I am a big fan of history and I really appreciate it when it is well preserved and appreciated. Lake Oswego history is quite fascinating. The town was originally founded as a result of the discovery of iron ore in hills where Iron Mountain Drive now runs. The ore was brought down out of the mountain, loaded onto barges and taken across the lake to the Willamette River where it was smelted into usable iron.
While LO never did actually become “the Pittsburgh of the West”, it did get it’s start as a company town that evolved into a vacation town for folks in Portland, and eventually into what it is today with a population of just under 40,000 people.
Preserving the history of the town is the focus of the Oswego Heritage Council. Located as 398 10th Street in downtown LO, the council is located in an elegant formal residence that houses a museum, meeting rooms and a formal garden. There is a permanent exhibit as well as rotating exhibits. Currently being shown is the Bickner and Woodward family collection of photographs from 1919-1921. The museum is open Monday, Tuesday, and Thursday from 10-3. It is free.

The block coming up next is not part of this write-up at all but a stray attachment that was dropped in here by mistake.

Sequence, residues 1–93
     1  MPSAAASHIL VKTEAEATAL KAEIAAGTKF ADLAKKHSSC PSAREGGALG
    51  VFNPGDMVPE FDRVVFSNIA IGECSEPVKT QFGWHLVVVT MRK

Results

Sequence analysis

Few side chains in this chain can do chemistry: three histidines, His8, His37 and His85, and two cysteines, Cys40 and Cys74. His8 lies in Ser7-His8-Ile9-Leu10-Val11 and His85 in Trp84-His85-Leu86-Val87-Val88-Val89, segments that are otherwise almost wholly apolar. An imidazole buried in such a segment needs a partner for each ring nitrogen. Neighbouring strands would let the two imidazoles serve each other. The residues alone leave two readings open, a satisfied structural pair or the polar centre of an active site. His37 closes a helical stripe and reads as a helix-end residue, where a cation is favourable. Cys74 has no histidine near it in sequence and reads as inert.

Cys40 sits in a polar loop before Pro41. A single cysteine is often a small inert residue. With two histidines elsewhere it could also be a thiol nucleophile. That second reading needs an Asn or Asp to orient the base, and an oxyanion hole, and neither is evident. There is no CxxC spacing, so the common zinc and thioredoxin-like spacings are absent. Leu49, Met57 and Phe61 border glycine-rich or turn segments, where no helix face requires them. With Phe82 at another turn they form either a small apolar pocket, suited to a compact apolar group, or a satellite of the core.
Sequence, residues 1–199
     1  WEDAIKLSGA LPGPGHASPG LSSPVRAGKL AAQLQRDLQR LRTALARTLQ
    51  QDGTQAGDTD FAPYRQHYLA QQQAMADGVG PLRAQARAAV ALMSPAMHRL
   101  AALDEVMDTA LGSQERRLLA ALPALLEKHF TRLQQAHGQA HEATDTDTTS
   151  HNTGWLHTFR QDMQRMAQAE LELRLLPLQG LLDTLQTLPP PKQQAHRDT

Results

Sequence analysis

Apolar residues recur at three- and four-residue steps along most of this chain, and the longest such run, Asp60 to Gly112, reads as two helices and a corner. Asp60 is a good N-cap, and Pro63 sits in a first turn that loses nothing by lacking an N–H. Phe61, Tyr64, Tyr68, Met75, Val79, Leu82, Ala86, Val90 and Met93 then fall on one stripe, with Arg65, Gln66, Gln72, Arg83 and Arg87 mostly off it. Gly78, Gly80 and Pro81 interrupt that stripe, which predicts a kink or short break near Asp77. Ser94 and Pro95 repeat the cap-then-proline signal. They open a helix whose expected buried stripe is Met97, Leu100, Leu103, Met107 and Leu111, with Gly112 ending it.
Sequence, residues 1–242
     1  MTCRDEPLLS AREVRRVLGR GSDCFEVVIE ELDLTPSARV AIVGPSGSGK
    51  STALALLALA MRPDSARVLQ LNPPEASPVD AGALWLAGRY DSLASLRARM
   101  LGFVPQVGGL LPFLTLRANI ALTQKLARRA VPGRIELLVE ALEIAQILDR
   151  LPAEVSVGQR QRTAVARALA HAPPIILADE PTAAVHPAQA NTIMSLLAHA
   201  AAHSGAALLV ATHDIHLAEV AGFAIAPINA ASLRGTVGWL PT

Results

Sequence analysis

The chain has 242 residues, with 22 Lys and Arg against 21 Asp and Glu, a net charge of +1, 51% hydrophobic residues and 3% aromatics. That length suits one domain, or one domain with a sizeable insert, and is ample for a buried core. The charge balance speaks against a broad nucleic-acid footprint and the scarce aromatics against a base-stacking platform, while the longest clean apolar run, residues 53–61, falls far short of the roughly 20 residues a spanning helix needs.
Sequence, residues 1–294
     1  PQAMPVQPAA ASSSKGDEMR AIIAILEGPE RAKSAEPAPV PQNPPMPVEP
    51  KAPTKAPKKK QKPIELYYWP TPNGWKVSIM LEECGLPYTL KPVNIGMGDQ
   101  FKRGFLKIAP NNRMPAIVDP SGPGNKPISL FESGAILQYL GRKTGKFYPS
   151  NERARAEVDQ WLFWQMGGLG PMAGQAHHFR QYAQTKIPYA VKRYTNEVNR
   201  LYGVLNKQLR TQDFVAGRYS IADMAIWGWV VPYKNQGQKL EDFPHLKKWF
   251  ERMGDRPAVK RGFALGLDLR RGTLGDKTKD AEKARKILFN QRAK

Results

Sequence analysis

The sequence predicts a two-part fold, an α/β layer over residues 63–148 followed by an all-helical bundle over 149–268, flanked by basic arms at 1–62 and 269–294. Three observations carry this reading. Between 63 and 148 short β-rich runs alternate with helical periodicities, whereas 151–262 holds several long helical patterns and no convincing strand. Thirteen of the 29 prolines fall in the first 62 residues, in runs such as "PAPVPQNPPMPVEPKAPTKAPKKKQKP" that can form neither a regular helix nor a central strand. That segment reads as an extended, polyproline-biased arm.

The council is a 501 (c)(3) non profit. It is financed by the efforts of the council itself. In keeping with it historic mission, these efforts are primarily well known and respected annual events that include a classic car and boat show in August and a home and garden tour in June.
The facility is also available for rent. It’s suitable for meetings, luncheons, and small weddings.
As always, thanks for reading,